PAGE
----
Assessing the feasibility of an AAMVS
In Phase I of the project, AMAT conducted a feasibility study for establishing an Arms and Ammunition Management Validation System (AAMVS). This effort was supported by an Expert Working Group (EWG) comprising of relevant practitioners and policy experts from 7 states, 5 international and regional organisations, and 4 non-governmental organisations. The steps for the feasibility assessment consisted of:
Conducting background research on the technical, political, legal, and economic considerations for the AAMVS
Defining the technical and operational parameters
Extensive global outreach and stakeholder analysis
Consolidating the findings from the assessment
Throughout phase I, AMAT held 4 EWG meetings and over 50 formal and in§formal Key Stakeholder Interviews with various experts and stakeholders, in addition to regular briefings to and meetings with the European Union’s Council and European External Action Service EEAS). The input and feedback from the EWG and the interviews were integrated in the feasibility study to answer the 7 questions indicated in the table below. The feasibility study concluded that there was an interest and benefit in creating an AAMVS. Its potential design was also found feasible on several political, operational and legal dimensions.
Initially, the intention behind the development of an AAMVS was for the design of a “certification” scheme for a state’s capability to manage arms and ammunition based on international guidelines and best practices. However, the feasibility study concluded some challenged at the operational level due to concerns of confidentiality and security, but also given the voluntary nature of the AAMVS. The system must provide an added value for importing states while exporting states should encourage its use. Nonetheless, the feasibility study concluded that a modular approach in assessing various components of a Small Arms and Light Weapons (SALW) and ammunition management system could allow to follow the International Standardization Organisations (ISO) methods in “conformity assessments”. Also, the AAMVS could be integrated in existing political international and regional instruments to help their implementation (e.g. Arms Trade Treaty and the UN Program of Action on SALW, ECOWAS Convention on SALW, Nairobi Protocol).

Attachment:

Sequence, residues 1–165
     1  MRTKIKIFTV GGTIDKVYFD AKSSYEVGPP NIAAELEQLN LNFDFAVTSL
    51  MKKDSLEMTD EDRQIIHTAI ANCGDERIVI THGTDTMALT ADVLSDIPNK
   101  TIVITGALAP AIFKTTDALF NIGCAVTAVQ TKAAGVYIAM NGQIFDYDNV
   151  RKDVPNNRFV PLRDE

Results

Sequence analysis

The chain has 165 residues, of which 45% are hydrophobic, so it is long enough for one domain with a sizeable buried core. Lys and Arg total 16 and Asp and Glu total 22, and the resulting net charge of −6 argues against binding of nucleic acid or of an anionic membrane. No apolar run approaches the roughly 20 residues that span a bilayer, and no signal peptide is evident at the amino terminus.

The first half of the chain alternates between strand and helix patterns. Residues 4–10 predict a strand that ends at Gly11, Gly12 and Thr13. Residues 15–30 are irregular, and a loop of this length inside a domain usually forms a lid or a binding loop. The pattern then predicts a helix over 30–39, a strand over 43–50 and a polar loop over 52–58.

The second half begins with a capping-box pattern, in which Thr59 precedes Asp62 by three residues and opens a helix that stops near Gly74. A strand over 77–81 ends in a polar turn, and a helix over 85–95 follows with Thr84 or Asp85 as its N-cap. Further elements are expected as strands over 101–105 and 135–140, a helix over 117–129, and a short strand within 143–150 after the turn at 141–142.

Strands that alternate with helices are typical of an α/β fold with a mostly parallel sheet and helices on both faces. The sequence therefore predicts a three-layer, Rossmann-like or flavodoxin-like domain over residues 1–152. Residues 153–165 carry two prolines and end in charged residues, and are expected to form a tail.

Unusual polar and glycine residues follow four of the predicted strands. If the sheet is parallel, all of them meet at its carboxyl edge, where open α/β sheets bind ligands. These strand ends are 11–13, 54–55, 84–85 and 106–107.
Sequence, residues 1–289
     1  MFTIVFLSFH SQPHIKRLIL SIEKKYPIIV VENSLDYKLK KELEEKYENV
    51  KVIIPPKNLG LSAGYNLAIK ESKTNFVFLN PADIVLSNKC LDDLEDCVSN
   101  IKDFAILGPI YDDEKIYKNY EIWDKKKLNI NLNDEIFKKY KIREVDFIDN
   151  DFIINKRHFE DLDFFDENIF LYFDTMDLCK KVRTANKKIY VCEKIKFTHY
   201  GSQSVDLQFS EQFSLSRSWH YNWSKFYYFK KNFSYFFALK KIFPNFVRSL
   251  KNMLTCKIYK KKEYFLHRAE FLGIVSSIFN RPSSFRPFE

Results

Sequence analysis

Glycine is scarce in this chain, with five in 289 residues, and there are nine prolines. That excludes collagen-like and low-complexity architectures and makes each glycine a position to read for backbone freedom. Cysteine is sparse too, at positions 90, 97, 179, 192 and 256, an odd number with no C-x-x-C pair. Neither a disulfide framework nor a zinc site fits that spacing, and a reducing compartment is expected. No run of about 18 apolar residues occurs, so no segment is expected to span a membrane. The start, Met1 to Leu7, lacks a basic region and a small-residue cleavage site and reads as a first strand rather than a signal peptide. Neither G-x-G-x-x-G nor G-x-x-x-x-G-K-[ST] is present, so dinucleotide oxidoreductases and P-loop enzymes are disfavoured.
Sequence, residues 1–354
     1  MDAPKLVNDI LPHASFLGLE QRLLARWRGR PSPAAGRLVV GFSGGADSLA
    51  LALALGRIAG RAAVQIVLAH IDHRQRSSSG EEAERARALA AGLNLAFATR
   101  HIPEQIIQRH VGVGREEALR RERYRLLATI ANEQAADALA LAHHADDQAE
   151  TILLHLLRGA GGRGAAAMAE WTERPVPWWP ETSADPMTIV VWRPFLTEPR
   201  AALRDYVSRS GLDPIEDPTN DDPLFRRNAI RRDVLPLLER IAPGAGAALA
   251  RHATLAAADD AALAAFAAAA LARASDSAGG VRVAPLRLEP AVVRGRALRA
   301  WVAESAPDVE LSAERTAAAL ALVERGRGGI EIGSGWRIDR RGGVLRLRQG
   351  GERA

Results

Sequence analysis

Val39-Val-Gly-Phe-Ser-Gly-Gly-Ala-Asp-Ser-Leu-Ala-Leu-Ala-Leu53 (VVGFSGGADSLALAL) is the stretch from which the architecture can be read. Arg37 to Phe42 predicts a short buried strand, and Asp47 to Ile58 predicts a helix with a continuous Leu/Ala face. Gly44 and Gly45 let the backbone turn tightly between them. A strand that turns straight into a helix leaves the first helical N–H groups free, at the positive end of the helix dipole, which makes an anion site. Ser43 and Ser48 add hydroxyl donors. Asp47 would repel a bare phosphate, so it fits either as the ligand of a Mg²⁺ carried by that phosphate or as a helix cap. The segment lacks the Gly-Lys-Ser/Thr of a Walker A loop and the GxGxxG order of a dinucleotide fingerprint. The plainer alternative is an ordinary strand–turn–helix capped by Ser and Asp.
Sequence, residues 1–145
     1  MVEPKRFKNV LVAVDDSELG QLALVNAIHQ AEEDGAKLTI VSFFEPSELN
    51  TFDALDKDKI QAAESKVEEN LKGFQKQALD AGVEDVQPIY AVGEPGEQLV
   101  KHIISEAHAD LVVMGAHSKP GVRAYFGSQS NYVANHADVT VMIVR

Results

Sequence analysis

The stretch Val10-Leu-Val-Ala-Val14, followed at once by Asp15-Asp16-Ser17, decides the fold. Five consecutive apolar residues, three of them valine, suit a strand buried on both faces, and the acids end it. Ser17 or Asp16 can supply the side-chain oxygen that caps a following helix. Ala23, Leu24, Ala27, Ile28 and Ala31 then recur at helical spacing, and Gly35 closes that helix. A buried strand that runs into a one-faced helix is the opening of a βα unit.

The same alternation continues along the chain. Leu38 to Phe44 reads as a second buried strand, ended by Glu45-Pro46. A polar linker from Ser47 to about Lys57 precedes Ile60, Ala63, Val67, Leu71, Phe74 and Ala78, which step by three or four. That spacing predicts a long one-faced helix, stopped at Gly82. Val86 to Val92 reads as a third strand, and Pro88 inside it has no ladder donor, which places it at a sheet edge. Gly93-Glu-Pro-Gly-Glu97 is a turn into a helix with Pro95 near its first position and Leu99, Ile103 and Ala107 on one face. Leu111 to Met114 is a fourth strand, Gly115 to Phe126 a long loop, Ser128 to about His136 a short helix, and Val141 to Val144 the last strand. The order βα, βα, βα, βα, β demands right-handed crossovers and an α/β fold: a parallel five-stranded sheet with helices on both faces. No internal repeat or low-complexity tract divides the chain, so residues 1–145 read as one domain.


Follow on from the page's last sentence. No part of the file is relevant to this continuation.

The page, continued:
Summary of findings of feasibility study
In October 2021, GICHD-AMAT presented the results of the feasibility assessment to the European Union, along with a proposal for the next steps. Consequently, the European Union authorised the continuation of the project into the design phase (Phase II) via CFSP 2021/2075 amending CFSP 2020/979.
Developing the plan for an Arms and Ammunition Management Validation System
On 25 November 2021, the European Union approved the continuation of the project into its second phase. Phase II of the implementation of the Council Decision involved developing a validation “system”, detailing the system owner governance requirements and designing a plan to develop the system. It also involved extensive outreach efforts aimed at bringing stakeholders from across the globe into the AAMVS design discussions. It ended with the development of three outputs which were presented and validated during a final workshop in November 2022 with the EWG: